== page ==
I have pages and pages of unfinished drafts sitting on my computer because I’m too scared to finish them off. These drafts are on topics I know I need to share, but it’ll also require me to relive painful memories and face harsh truths. I’m scared my pieces will receive negative reactions that’ll make me want to curl up in a ball and never write again. Even worse, I’m scared it’ll actually receive brilliant reactions and I’ll have to keep producing the same calibre of work in order to meet people’s expectations.  

Does anyone else feel like a bundle of walking contradictions?

But I digress.

I haven’t finished the book yet.

In fact, I’m feeling a huge weight of resistance towards finishing the book (ha). It’s probably because I know that once I’ve read it from cover to cover, I’ll have to commit to doing the work and overcoming my resistance.

I write this today because I know there are so many of you out there who have been putting things off for way too long. You needed to start studying for exams two weeks ago.  You told yourself you would start running more but your runners are still sitting in the box it came in. You need to call out the guy who’s trying to brush you off and demand an explanation.

If the author of the book is right, then you’re putting it off because it’s hard and you’re scared of the aftermath. You’re scared to find out that you know less about the subject than you thought or you’re more unfit than you realise. You’re petrified that the guy you’re calling out is going to tell all his friends that you’re crazy.  

But sooner or later, we have to put our foot down and just do the damn thing. We have to make a decision to leave behind the things that hold us back and push forward.

This week, commit to one miniscule step that will help you overcome resistance and move towards your goal. Download the lecture recoding. Take your runners out of the box. Draft the text message that calls him out for his bad behaviour.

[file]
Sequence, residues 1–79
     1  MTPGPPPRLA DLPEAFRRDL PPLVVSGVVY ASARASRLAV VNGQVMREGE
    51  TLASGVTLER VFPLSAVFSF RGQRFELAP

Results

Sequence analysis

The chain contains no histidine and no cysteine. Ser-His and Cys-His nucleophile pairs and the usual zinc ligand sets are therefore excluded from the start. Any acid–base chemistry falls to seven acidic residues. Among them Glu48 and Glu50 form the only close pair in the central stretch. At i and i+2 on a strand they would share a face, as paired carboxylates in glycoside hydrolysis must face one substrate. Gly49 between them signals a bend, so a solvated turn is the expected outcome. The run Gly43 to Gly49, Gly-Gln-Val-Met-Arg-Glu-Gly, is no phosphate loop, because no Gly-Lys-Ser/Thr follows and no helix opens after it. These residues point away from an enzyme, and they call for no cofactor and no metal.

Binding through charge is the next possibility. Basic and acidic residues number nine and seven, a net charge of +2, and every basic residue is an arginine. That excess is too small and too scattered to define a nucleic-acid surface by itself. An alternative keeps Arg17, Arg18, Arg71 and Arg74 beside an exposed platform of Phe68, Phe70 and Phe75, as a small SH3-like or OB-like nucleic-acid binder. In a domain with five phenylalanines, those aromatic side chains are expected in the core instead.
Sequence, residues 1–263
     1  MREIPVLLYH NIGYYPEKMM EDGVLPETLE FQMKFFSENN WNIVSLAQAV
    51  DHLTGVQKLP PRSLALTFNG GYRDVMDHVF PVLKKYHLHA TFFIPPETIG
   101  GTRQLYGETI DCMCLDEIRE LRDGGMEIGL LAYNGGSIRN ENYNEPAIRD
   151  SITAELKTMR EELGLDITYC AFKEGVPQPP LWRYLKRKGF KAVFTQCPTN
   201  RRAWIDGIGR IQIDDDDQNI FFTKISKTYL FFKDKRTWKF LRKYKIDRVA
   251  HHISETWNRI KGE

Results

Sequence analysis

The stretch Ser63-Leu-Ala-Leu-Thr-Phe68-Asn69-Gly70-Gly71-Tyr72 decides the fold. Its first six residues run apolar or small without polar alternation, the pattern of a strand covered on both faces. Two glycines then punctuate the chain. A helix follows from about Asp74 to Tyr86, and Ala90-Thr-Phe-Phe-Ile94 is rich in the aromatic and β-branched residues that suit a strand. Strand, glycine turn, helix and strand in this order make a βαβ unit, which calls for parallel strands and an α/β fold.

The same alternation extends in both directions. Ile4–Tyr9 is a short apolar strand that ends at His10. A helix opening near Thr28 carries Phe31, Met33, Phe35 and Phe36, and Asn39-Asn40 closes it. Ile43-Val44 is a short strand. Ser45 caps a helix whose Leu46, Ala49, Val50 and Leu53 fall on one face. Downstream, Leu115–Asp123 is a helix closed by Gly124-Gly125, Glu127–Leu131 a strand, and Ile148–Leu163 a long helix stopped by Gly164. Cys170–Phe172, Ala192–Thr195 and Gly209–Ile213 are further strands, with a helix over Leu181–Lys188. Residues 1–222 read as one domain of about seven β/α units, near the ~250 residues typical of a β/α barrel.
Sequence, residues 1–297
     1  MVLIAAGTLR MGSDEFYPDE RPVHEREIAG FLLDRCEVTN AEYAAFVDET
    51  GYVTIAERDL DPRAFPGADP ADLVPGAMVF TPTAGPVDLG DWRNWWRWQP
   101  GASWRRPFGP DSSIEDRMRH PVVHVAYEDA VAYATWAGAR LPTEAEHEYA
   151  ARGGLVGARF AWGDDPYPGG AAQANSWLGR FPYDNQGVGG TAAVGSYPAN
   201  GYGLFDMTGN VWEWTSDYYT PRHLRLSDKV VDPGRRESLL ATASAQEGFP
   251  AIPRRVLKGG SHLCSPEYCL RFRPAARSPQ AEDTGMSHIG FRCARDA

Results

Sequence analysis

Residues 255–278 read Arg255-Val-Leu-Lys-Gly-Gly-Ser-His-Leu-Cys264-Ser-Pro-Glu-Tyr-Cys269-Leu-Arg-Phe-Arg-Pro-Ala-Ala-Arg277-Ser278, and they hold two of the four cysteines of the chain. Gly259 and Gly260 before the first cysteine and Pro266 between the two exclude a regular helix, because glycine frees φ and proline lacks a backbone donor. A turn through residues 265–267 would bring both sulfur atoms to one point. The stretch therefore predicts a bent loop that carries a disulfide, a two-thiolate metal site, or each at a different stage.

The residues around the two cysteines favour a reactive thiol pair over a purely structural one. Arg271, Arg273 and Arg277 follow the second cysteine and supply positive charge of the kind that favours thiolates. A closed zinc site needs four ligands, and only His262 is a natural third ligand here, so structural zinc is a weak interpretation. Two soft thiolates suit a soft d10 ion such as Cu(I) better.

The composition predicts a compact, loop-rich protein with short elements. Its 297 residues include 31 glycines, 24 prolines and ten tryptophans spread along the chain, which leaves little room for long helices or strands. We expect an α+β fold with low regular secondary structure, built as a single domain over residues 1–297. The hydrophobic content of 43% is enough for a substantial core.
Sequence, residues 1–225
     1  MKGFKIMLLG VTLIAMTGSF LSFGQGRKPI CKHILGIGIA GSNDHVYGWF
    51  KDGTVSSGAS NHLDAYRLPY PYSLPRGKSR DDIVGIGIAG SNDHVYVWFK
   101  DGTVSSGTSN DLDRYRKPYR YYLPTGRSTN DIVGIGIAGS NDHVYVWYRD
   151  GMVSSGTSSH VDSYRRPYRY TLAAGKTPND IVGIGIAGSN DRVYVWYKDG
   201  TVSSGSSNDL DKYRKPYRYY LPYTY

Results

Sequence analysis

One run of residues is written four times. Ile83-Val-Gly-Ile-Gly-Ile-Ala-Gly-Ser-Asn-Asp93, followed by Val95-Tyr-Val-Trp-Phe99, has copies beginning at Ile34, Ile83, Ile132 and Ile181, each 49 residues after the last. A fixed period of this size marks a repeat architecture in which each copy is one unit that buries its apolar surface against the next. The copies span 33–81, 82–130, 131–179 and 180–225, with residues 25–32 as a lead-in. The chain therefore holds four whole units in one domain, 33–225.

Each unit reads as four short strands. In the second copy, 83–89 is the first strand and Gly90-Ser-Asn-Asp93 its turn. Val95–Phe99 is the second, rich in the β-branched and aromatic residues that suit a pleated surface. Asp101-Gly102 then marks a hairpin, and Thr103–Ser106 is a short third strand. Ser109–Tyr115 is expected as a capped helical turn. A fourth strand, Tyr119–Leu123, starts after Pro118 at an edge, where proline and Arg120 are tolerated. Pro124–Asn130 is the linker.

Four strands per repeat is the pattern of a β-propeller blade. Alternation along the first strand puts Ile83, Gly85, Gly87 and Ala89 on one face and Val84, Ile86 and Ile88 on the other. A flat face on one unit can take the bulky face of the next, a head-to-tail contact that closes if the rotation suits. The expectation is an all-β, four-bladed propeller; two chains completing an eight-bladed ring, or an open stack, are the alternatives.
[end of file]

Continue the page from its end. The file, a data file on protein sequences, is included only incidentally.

Then, commit to another miniscule task right after that. Listen to the half of the lecture. Move your runners besides your front door. Send your draft text to a friend and ask if they think you should send it (Spoiler alert: yes, you should).

After that, rinse and repeat.

By committing to one small action at a time, we’re slowly dismantling resistance and reducing it to a wisp.

At least, I think that’s what’s supposed to happen.

The Rear View Mirror

A string of messages flooded my phone on Friday night.

“I’ve made a decision about the future of this page,” said the message. “I think we should move on.”

‘The page’ the message was referring to was the health & wellbeing platform I helped bring to life during my uni days. 

Two years ago, I signed up to be part of an extracurricular program within the Law faculty. The application for the program had dropped into my inbox while I was trying to write a paper on Australian Consumer Law. I was about seven hours into the essay, and my vision had begun to blur from staring at the same sentence, so the application was a welcome distraction. I filled it out quickly and sent it off without a second thought.